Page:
CAE Inc., a Montreal-based manufacturer that specializes in flight simulators, has created a ventilator prototype it hopes to mass produce, placing the company among a growing number of businesses that have responded to calls to industry to help contain the fallout from the novel coronavirus.
About two weeks ago, CAE assembled a team of a dozen specialists who worked tirelessly to come up with a design after facing calls from political leaders to help out in the crisis, chief technology officer Marc St-Hilaire said in an interview.
“Our CEO has given the mandate to us, ‘Go full blast,' " Mr. St-Hilaire said. "We’re taking this as an order to action. We’re mobilizing the army.”
Although CAE – which has a market value of about $4.2-billlion – is best known for its flight simulators, which are used to train pilots in both civil aviation and defence, it also produces surgical and medical simulators, which account for about 4 per cent of its annual revenue.
The company employs doctors, including a chief medical officer, who were included in the ventilator design team, Mr. St-Hilaire said. The result is a prototype that the company has tested on simulation mannequins – outfitted with iron lungs – which CAE says is effective.
Ventilators are used to keep patients’ lungs supplied with oxygen when they are unable to breathe on their own and are vital to keeping alive those with the most severe cases of COVID-19. It’s still not known whether Canada could experience a ventilator shortage, but the federal government, as well as its provincial counterparts, have called on manufacturers to fill a potential void for the devices, as well as medical masks and other personal protective equipment used by health care workers.
CAE hopes to mass produce ventilators if it can receive the necessary certifications from the federal government, Mr. St-Hilaire said. Last Thursday morning, following several reports in the Quebec media about CAE’s project, the company held a teleconference with 33 officials from the federal government about the prototype’s efficacy and CAE’s capacity for manufacturing ventilators at its main Montreal plant, he said.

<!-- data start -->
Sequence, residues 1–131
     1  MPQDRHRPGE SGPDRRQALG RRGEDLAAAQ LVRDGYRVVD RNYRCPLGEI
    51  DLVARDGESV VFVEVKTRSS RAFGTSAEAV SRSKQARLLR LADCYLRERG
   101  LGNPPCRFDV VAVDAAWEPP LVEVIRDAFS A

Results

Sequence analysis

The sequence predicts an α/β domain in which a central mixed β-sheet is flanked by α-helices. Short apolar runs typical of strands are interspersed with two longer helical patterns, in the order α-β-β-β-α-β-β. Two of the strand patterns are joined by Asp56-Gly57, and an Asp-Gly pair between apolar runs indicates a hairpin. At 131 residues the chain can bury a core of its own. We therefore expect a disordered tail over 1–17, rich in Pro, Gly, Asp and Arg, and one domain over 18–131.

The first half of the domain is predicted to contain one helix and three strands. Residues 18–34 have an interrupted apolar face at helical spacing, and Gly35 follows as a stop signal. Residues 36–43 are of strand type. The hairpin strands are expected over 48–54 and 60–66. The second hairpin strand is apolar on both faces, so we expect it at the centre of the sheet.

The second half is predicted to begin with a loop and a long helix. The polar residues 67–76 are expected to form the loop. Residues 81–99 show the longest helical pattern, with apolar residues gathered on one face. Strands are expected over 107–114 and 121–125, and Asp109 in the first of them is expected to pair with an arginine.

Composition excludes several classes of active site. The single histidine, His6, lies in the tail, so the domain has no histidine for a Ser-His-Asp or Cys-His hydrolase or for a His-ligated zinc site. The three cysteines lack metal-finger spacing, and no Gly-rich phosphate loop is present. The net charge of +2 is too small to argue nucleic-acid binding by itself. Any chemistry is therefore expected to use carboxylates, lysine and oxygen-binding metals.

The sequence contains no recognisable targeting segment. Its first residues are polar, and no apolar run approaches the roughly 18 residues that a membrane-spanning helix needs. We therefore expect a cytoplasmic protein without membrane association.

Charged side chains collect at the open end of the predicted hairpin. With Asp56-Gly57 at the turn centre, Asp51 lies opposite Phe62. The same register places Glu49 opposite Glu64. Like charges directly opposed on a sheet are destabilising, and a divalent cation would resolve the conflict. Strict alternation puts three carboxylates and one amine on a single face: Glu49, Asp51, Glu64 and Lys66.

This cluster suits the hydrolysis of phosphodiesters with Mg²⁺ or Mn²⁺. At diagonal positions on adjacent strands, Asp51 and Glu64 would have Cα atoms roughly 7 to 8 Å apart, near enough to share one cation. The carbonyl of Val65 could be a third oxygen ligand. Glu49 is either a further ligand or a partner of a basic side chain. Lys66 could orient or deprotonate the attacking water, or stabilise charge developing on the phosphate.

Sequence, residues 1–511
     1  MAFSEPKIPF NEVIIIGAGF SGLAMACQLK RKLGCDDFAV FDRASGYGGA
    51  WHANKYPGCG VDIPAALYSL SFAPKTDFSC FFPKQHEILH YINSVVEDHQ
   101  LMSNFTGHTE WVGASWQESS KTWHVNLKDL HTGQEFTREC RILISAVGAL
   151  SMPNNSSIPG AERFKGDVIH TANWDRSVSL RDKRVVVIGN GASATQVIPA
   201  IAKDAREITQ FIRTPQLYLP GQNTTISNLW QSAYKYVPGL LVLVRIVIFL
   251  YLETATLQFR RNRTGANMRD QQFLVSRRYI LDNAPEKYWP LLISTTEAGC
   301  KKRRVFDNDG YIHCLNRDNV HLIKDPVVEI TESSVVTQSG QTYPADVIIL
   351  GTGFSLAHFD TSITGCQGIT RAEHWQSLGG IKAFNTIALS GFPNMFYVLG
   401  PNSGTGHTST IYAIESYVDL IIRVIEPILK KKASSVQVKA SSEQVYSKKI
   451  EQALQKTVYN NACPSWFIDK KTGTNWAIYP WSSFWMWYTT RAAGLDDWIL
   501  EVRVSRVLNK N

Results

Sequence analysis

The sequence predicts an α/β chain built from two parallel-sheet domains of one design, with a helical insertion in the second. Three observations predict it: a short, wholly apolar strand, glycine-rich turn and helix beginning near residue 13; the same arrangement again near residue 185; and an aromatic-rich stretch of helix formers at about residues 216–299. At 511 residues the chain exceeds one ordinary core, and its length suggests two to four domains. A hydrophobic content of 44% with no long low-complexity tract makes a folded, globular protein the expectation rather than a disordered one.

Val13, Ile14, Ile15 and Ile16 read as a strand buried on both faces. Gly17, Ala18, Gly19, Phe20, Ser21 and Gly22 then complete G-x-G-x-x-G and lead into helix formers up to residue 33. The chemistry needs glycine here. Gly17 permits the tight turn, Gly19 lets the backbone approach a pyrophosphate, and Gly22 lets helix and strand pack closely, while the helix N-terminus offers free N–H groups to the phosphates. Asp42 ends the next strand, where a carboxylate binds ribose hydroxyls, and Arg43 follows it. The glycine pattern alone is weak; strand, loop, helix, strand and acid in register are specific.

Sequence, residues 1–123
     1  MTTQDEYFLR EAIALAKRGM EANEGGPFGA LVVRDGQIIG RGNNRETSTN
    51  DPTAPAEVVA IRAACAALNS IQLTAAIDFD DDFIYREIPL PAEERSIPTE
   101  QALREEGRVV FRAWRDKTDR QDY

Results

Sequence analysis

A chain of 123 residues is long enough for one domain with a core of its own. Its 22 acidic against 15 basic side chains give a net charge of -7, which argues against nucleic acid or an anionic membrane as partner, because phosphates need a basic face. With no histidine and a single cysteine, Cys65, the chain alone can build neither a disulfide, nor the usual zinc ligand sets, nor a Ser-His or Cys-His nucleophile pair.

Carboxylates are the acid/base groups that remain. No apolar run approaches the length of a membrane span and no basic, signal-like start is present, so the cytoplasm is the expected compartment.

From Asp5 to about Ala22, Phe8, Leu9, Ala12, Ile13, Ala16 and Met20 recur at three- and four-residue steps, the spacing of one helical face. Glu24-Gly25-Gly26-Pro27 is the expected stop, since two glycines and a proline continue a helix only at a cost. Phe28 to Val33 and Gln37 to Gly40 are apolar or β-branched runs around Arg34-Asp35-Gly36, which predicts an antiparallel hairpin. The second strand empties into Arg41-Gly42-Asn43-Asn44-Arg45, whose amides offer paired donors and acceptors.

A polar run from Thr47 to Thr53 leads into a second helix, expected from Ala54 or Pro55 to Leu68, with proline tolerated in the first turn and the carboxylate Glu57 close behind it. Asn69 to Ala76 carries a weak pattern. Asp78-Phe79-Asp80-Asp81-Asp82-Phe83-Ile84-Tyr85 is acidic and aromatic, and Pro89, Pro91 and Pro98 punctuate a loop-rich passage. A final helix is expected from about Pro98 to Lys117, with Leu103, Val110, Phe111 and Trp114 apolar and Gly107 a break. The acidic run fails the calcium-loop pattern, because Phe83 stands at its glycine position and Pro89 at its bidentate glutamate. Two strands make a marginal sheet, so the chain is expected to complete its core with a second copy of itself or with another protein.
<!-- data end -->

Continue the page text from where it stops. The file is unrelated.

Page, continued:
Normally, such approvals for manufacturing a medical product take place over many months and years. “We are not in normal times. We are in a race, and so the government is taking extraordinary measures,” Mr. St-Hilaire said.
CAE declined to answer questions about how COVID-19 has affected the company’s sales, but social distancing policies have, in general, hit the aviation sector hard. The company has no specific orders in place for its proposed ventilators, but Mr. St-Hilaire said the company’s chief executive, Marc Parent, has had discussions with Canadian politicians – whom he declined to identify – but who he said have challenged CAE to fill the demand.
The company has set a production goal similar to the target set by Linamar Corp., an engine parts company based in Guelph, Ont., that has partnered with a small medical company, O-Two Medical Technologies Inc., to produce 10,000 ventilators. CAE intends on building 10,000 ventilators in three months, Mr. St-Hilaire said.
The stock price of both Linamar and CAE has plummeted since North American governments began implementing public health policies designed to slow the spread of the virus, such as restricting travel and encouraging self isolation. In the past three months, Linimar’s share price has dropped from about $48 to $28.27 at Friday’s close. Over that same period, CAE’s share price has dropped from about $34.60 to $15.87.
He said that the motivation for CAE’s team, and the company’s suppliers, is the potential positive impact. The company was initially spurred by the Code Life Ventilator Challenge, which is sponsored by the Montreal General Hospital Foundation – a competition to come up with a low-cost, high-quality ventilator.
A panel of judges is scheduled to announce the three winning projects on April 15.
“Every company feels touched by this. They all want to save the life of their parents, their neighbours, their colleagues,” Mr. St-Hilaire said.
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